Dogs don’t tend to make good passengers.

Many canine road-trippers grow anxious as soon as they set foot in a car.

The heavy panting denotes panic and their restlessness suggests they don’t want to be there.

Even those that can tolerate it suffer from a little bit of motion sickness from time to time.

And that’s why it is essential as a pet parent to do everything you can to make the journey as safe and as comfortable as possible.

After all, your four-legged friend is a part of your family and their health and well-being is just as important as everybody else’s.

Transporting your dog in the car checklist – what you need to know 


  1. Crate or carrier: Using a crate to transport your dog will help to keep them safe and secure during your journey. It is important to ensure that the crate/carrier is appropriately sized for your dog and well-ventilated.


  1. Travel harness: Investing in a proper pet-friendly restraint is essential for the safety, security and well-being of everyone inside the vehicle. These devices, which are available from most pet shops, secure your dog and prevent them from moving in a manner that can be dangerous and distracting.


  1. Windows: Every precaution should be taken to ensure that your curious canine isn’t able to stick their head out of the window. All windows and sunroofs should remain shut to deter any temptation and prevent objects or debris from entering.


  1. Temperature: With the windows up, and multiple people sharing the car, the heat inside the car can rise quite rapidly, especially on a warm day. That’s why it is important to ensure that the temperature inside the vehicle is set at a comfortable level. Conversely, in colder months, provide your dog with a blanket to keep them warm if necessary.


  1. Sustenance: Depending on the length of your road trip, your favourite fur baby will likely get hungry and thirsty along the way. Bring water and a bowl for your dog, but avoid feeding your dog a large meal right before the trip to prevent car sickness.


Is it legal to put your dog in the boot of the car (and here’s why you shouldn’t)? 


There are no laws or legislations in the UK that permit dogs from travelling in the boot of a car.

However, it is a pet parents’ responsibility to ensure that the space is as safe and secure as possible.

Every measure has to be taken to ensure that no harm will come of your barking best friend or anybody else in the vehicle.

The driver must use their discretion in these scenarios and be completely satisfied that the set-up is safety-proofed.

The boot must be well-ventilated to ensure your pet has an adequate supply of fresh air.

They should be safely secured with a harness or a suitably sized container as their comfort is also paramount.

Avoid overloading the boot with other items as this could create a claustrophobic atmosphere while putting your canine at risk of injury.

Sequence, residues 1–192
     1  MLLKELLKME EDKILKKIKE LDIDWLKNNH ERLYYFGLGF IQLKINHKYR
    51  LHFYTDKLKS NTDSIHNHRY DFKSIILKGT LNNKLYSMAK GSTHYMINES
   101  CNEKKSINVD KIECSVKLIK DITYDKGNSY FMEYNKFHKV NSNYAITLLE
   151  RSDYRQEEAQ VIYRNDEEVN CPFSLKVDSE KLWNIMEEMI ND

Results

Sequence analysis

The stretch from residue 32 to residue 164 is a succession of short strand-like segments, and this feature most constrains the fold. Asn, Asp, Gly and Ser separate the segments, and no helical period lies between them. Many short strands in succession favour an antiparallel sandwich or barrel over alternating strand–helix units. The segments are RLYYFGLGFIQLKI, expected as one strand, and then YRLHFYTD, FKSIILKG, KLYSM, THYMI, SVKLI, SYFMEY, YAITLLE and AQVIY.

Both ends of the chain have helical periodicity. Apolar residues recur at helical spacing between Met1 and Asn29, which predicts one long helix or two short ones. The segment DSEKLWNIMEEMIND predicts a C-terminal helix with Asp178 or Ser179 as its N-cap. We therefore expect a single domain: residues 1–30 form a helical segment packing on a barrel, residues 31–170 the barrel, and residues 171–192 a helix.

Your four-legged friend’s comfort and safety is of paramount importance so if neither can be guaranteed then you shouldn’t take the risk.


Can my dog sit in the front seat of the car? 


This wouldn’t be a seating plan we’d recommend for safety reasons.

Yes, we understand and appreciate that you’d love to ride side-by-side with your travel companion.

But your main priority is to get from ‘A’ to ‘B’ in the safest possible way.

Then you can spend some quality time together once you’ve reached your destination.

Airbags in the front passenger seat can be dangerous for dogs in the event of an accident.

The force of it could cause serious injury as they’re primarily designed with the safety of adult human passengers in mind.

The safest option would usually be on the back seat, secured with a harness or placed in a ventilated pet carrier.

Please don’t put your dog’s life at risk unnecessarily!


Start with short distances 


Our dogs love experiencing the great outdoors and seeing all the sights.

They enjoy running in the wind, exploring their surroundings and finding new spots.

However, the scenery quickly goes to the back of their mind when locked in a moving vehicle.

That’s because travelling can be quite stressful for pets as they tend to suffer from motion sickness.

And it’s down to us – as pet parents – to ensure that every journey is as painless and as safe as possible.

Every precaution has to be taken to guarantee that everybody in the car is comfortable and secure.

Placing your fur baby in a crate/carrier, or using a harness, will reduce the risk of them becoming a distraction for the driver.

Also, if your pet isn’t the best passenger, travel socialisation can be built up gradually.

Start with short distances and slowly increase your journeys in order for them to adapt and adjust to the motion.

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